Journal of Neuroinflammation 05/2015; 12(46). · 4.90 Impact Factor
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    ABSTRACT: Isolated tumefactive demyelinating lesion (TDL) is a rare disease and a challenging entity especially for the differential diagnosis, biopsy indications, and therapeutic decisions. Long-term evolution is not well known. The objective of the study is to describe clinical and MRI characteristics and long-term follow-up of patients with isolated TDL. We performed a retrospective study including patients (1) with one TDL radiologically defined by a ≥20 mm FLAIR hyperintensity involving the white matter associated with T1 hypointensity that enhanced after gadolinium injection and (2) without any other MS lesion on the first MRI. Tumor, abscess, or other inflammatory diseases (ADEM, Baló's concentric sclerosis, systemic disease) were excluded. Sixteen patients (11 females/5 males) were included. The mean age of onset was 35.7 years (range 20-65). MRI disclosed supratentorial lesions with a mean size of 39.4 mm and usually mild edema/mass effect. Peripheral (mainly open-ring pattern) and central (mainly heterogeneous) enhancement were respectively seen in 9/16 and 11/16 patients. CSF study (n = 15) found oligoclonal bands (OCB) in seven. A cerebral biopsy was performed in 11 cases showing acute inflammatory demyelination. Thirteen patients were treated by pulse steroids with marked improvement in ten. At last clinical follow-up (mean 65.8 months, range 6-181), diagnosis was MS in 5 (31 %), isolated TDL in 10 (63 %) and one patient had a second TDL (6 %). Isolated tumefactive demyelinating lesions are a rare diagnostic entity. After a mean follow-up of 5 years, almost one-third became MS whereas most of the patients had no further event.
    Journal of Neurology 05/2015; DOI:10.1007/s00415-015-7758-8 · 3.84 Impact Factor
  • Revue Neurologique 04/2015; 171. DOI:10.1016/j.neurol.2015.01.055 · 0.60 Impact Factor
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    ABSTRACT: Following the publication practice guidelines for multiple sclerosis by a group of neurologists (multiple sclerosis study group [GRESEP]), the primary objective of this study was to compare the reality of practice to the guidelines according to the targeted clinical audit (TCA) method. The study was conducted at 17 neurology sites and was administered during two periods of MS care (diagnostic - TCA-DIAG, and disease course - TCA-EVOL). Two complementary surveys were done on the record keeping and the root causes of the deviations. The percentages of compliance ranged from 8 to 98% for the TCA-DIAG, and from 15 to 99% for the TCA-EVOL, with wide disparity between sites. The audits were able to identify causes of the flaws in traceability or accessibility. At the end of the study, despite its limitations, we think that the sharing of the results from different sites provided interesting approaches for the use of the assessment criteria defined by GRESEP in a complete audit cycle. This study is to our knowledge the first report of an experiment in which guidelines were created, and subsequently followed by the development of assessment criteria and then the performance of targeted clinical audits using them, all by the same participants.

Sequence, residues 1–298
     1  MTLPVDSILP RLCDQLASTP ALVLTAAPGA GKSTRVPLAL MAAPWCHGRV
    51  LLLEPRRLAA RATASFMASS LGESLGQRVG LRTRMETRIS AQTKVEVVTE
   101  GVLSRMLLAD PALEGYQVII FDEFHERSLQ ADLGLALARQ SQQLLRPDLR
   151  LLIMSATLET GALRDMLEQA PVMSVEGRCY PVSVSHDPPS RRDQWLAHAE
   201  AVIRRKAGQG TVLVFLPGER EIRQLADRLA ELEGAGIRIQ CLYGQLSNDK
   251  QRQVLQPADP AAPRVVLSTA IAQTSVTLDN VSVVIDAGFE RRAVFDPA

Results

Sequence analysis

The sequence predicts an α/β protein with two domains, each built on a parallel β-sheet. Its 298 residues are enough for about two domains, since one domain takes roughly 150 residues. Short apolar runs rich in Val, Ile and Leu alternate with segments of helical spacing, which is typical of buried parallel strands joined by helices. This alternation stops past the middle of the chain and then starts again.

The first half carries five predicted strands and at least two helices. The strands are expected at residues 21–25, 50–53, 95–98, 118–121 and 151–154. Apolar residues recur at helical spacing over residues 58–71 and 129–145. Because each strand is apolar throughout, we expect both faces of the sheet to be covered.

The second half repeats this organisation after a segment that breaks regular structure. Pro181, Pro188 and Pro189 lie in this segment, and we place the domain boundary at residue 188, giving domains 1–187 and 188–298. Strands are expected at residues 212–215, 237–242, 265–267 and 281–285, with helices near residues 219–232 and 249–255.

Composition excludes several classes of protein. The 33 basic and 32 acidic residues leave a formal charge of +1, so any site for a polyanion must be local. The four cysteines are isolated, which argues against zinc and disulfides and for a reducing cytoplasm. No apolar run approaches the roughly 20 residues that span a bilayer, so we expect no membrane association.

Revue Neurologique 04/2015; 171(5). DOI:10.1016/j.neurol.2015.03.006 · 0.60 Impact Factor
  • Revue Neurologique 04/2015; DOI:10.1016/j.neurol.2015.01.568 · 0.60 Impact Factor
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    ABSTRACT: Current management of neuromyelitis optica (NMO) is noncurative and only partially effective. Immunosuppressive or immunomodulatory agents are the mainstays of maintenance treatment. Safer, better-tolerated, and proven effective treatments are needed. The perceived rarity of NMO has impeded clinical trials for this disease. However, a diagnostic biomarker and recognition of a wider spectrum of NMO presentations has expanded the patient population from which study candidates might be recruited. Emerging insights into the pathogenesis of NMO have provided rationale for exploring new therapeutic targets. Academic, pharmaceutical, and regulatory communities are increasingly interested in meeting the unmet needs of patients with NMO. Clinical trials powered to yield unambiguous outcomes and designed to facilitate rapid evaluation of an expanding pipeline of experimental agents are needed. NMO-related disability occurs incrementally as a result of attacks; thus, limiting attack frequency and severity are critical treatment goals. Yet, the severity of NMO and perception that currently available agents are effective pose challenges to study design. We propose strategies for NMO clinical trials to evaluate agents targeting recovery from acute attacks and prevention of relapses, the 2 primary goals of NMO treatment. Aligning the interests of all stakeholders is an essential step to this end. © 2015 American Academy of Neurology.
    Neurology 04/2015; 84(17). DOI:10.1212/WNL.0000000000001520 · 8.30 Impact Factor
  • Revue Neurologique 04/2015; 171(S1):A83. · 0.60 Impact Factor
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    ABSTRACT: Our aim was to support the use of dalfampridine as a treatment for patients affected with hereditary spastic paraplegia (HSP). We performed a prospective, uncontrolled, proof of concept, open trial. We included 12 HSP patients defining the total group (TG) who received dalfampridine 10 mg twice daily for 2 weeks. Efficacy assessment was based on walking ability improvement. The Timed-25-Foot Walk Test, the Spastic Paraplegia Rating Scale (SPRS), and the 12-item Multiple Sclerosis Walking Scale (MSWS-12) were performed before and after treatment. Safety assessment was based on adverse events occurrence. A significant improvement in SPRS (p = 0.0195) and MSWS-12 (p = 0.0429) was noted after treatment in the TG. No serious adverse events were noted. This interventional study provides encouraging results supporting the use of dalfampridine in HSP.
    Journal of Neurology 03/2015; 262(5). DOI:10.1007/s00415-015-7707-6 · 3.84 Impact Factor